It was recently announced that the United States has just beaten its all-time high in crude oil production—but these claims don’t quite stand up to scrutiny.
Is natural gas indeed a bridge fuel to a greener, low-carbon energy future? If American gas can maintain its attractiveness versus coal, this creates a sizable opportunity for both extant and emerging U.S. gas exporters.
The rise in Chinese investment in the European energy sector has underscored the need for a clear and thoughtful transatlantic approach to safeguarding core strategic assets.
The November 2017 UN Climate Conference was marked by the unprecedented presence of U.S. cities, states, and corporations.
Policymakers have been focusing on long-term goals to wean California from oil, but here are three smart strategies to seriously shrink the petroleum sector’s climate impacts.
With sub-national initiatives on climate on the rise in the United States, it is important that Europe understands these dynamics, and actively explores ways of engaging with them.
Petcoke, a highly-polluting byproduct of refining heavier oils, can be more polluting than coal. Broad indicators show that highly-degraded petcoke ends up being burned to generate power in Asia, making it important to take stock of global petcoke markets and flows around South Asia.
The field of climate engineering remains largely unknown, especially to policymakers and the public, despite the real risks that accompany such actions and the planetary scale of their impacts.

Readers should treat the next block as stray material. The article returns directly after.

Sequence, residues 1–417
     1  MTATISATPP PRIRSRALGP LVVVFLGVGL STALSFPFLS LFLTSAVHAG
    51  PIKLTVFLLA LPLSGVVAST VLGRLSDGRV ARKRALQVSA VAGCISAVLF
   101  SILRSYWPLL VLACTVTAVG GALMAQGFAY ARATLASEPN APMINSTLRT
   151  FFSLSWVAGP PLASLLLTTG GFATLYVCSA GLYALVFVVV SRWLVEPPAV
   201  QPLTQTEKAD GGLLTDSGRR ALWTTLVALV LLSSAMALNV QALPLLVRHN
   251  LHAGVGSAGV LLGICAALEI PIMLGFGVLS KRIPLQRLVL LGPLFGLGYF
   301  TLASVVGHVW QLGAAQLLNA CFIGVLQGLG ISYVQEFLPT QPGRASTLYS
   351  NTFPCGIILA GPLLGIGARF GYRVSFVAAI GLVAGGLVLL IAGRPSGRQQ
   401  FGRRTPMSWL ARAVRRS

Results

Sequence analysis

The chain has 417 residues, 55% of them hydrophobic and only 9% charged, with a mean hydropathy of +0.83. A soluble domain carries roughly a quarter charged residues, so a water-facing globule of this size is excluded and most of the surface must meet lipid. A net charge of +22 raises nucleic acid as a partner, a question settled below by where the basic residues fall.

Oil is one of the world’s most durable global commodities. With few ready commercial substitutes, its extraordinary staying power is demonstrated by its enduring energy sector dominance, even as market prices fluctuate dramatically and geopolitical disruptions strike.
Blockchain’s implications for energy are potentially far-reaching when it comes to security and efficiency. Given the scale of opportunities—and unintended consequences—presented by blockchain, this technology deserves more discussion in the public sphere.
The Carnegie Energy and Climate Program engages global experts working on issues relating to energy technology, environmental science, and political economy to develop practical solutions for policymakers around the world. The program aims to provide the leadership and the policy framework necessary to minimize the risks that stem from global climate change and competition for resources.